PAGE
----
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abstract = "Background: Since Huntington's Disease (HD) is a familial disease with an average onset in the mid-thirties, one might expect that spousal carers are concerned with providing care for off-spring who may turn out to be affected. Methods: This study involved ten face-to-face interviews with carers of spouses affected by HD in Northeast Scotland. Carers were recruited through two channels: a genetic clinic and the Scottish Huntington's Association (SHA). Interviews were conducted in carers' own homes. A thematic analysis of the transcripts was conducted. Results: Although carers did worry about their children, they did not envisage being involved in their care. Many avoided talking about the disease, both within and outwith their family; this may have greatly reduced the level of support provided by family members. Conversely, avoidance was often accompanied by symptom-spotting. For example, several people had given up driving, before they were incapable of doing so. The explanation appears to be that they avoided getting into situations in which HD may express itself. Support meetings seem to be valued amongst patients with other serious diseases and their carers, however, although all participants had had contact with the SHA, only one regularly attended meetings. It was felt that seeing others with HD provided a constant reminder of the possible effect of HD on the wider family, which seemed to outweigh the benefit of attending. Overall, the analysis highlighted 'avoidance' as a key theme. Conclusion: Many denied symptoms of HD in their spouses, pre-diagnosis. All had pretended at some point that it was not happening, through ignoring early signs and 'obvious' symptoms. Some partners had refused to go to the doctor until it was no longer possible to deny symptoms. Formal health and social care seemed to play a very small role compared to informal care arrangements.",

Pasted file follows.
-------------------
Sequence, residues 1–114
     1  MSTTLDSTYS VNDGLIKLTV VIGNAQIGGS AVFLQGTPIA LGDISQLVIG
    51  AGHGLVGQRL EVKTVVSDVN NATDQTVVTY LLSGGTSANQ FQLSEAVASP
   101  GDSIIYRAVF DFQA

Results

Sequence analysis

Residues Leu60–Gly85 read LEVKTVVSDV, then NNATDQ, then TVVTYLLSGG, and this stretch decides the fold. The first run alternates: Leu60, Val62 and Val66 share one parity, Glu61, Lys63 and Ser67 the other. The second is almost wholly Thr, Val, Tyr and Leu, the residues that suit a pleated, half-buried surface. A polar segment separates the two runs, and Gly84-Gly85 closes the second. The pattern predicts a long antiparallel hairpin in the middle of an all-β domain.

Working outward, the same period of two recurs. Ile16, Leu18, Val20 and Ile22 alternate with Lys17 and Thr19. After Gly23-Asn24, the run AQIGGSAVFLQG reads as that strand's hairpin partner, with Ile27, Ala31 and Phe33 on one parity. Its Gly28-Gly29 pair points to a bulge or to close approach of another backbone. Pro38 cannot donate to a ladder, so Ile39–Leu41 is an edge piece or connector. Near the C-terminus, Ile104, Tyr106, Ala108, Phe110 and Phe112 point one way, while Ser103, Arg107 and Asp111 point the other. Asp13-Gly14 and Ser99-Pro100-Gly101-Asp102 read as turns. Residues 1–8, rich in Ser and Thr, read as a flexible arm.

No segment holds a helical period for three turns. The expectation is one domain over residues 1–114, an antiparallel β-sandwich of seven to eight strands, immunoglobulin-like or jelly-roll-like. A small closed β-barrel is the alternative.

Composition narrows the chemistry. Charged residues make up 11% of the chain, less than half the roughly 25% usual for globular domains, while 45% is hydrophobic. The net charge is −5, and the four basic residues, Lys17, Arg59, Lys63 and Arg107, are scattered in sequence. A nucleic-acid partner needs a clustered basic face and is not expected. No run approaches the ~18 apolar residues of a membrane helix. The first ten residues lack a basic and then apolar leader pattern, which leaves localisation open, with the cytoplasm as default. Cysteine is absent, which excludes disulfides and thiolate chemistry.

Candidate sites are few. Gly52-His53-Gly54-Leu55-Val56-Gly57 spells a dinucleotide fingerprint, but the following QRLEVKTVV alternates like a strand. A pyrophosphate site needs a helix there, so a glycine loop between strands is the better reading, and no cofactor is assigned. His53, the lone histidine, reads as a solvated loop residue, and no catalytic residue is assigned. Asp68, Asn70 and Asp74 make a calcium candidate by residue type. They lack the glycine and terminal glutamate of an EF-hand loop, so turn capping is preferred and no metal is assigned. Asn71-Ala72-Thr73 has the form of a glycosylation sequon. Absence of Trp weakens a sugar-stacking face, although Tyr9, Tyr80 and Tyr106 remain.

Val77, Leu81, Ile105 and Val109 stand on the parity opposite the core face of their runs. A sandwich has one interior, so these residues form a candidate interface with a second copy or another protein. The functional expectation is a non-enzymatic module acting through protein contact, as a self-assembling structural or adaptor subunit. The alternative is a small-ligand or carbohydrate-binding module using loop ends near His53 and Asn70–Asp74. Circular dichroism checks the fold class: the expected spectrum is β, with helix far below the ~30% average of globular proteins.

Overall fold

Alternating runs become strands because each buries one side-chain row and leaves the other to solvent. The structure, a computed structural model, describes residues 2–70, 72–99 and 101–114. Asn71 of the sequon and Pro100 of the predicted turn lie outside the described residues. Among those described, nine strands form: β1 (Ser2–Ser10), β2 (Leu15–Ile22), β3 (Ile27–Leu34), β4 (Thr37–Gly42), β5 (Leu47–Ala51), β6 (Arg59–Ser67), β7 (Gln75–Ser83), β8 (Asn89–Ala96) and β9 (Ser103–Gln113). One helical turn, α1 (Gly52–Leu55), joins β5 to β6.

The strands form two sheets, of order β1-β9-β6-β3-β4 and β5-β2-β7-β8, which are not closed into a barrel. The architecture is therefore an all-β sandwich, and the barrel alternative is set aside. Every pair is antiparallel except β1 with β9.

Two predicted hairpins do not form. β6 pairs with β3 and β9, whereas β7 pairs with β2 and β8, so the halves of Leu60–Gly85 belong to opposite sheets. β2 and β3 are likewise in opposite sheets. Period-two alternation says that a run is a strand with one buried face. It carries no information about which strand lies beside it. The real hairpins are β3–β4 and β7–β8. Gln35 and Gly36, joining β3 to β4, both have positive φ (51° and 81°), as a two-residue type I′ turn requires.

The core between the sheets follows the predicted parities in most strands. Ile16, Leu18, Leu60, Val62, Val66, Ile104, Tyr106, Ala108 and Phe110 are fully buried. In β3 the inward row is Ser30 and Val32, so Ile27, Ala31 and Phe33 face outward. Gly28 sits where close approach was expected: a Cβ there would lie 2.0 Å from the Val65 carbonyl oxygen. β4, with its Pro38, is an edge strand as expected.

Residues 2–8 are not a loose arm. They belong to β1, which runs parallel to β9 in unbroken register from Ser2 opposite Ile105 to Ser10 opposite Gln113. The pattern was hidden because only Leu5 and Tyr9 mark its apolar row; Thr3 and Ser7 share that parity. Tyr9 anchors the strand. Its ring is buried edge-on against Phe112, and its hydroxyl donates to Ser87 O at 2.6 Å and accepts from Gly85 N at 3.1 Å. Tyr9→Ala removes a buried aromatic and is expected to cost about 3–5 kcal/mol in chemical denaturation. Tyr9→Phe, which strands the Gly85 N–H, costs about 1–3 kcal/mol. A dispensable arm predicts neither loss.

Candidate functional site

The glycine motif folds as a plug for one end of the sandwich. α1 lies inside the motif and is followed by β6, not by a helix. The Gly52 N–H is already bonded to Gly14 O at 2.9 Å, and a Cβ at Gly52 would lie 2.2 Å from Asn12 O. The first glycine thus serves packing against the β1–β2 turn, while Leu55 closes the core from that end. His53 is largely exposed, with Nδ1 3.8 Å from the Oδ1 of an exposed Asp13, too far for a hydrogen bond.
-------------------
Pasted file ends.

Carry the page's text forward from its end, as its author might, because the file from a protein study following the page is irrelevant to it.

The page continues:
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AB - Background: Since Huntington's Disease (HD) is a familial disease with an average onset in the mid-thirties, one might expect that spousal carers are concerned with providing care for off-spring who may turn out to be affected. Methods: This study involved ten face-to-face interviews with carers of spouses affected by HD in Northeast Scotland. Carers were recruited through two channels: a genetic clinic and the Scottish Huntington's Association (SHA). Interviews were conducted in carers' own homes. A thematic analysis of the transcripts was conducted. Results: Although carers did worry about their children, they did not envisage being involved in their care. Many avoided talking about the disease, both within and outwith their family; this may have greatly reduced the level of support provided by family members. Conversely, avoidance was often accompanied by symptom-spotting. For example, several people had given up driving, before they were incapable of doing so. The explanation appears to be that they avoided getting into situations in which HD may express itself. Support meetings seem to be valued amongst patients with other serious diseases and their carers, however, although all participants had had contact with the SHA, only one regularly attended meetings. It was felt that seeing others with HD provided a constant reminder of the possible effect of HD on the wider family, which seemed to outweigh the benefit of attending. Overall, the analysis highlighted 'avoidance' as a key theme. Conclusion: Many denied symptoms of HD in their spouses, pre-diagnosis. All had pretended at some point that it was not happening, through ignoring early signs and 'obvious' symptoms. Some partners had refused to go to the doctor until it was no longer possible to deny symptoms. Formal health and social care seemed to play a very small role compared to informal care arrangements.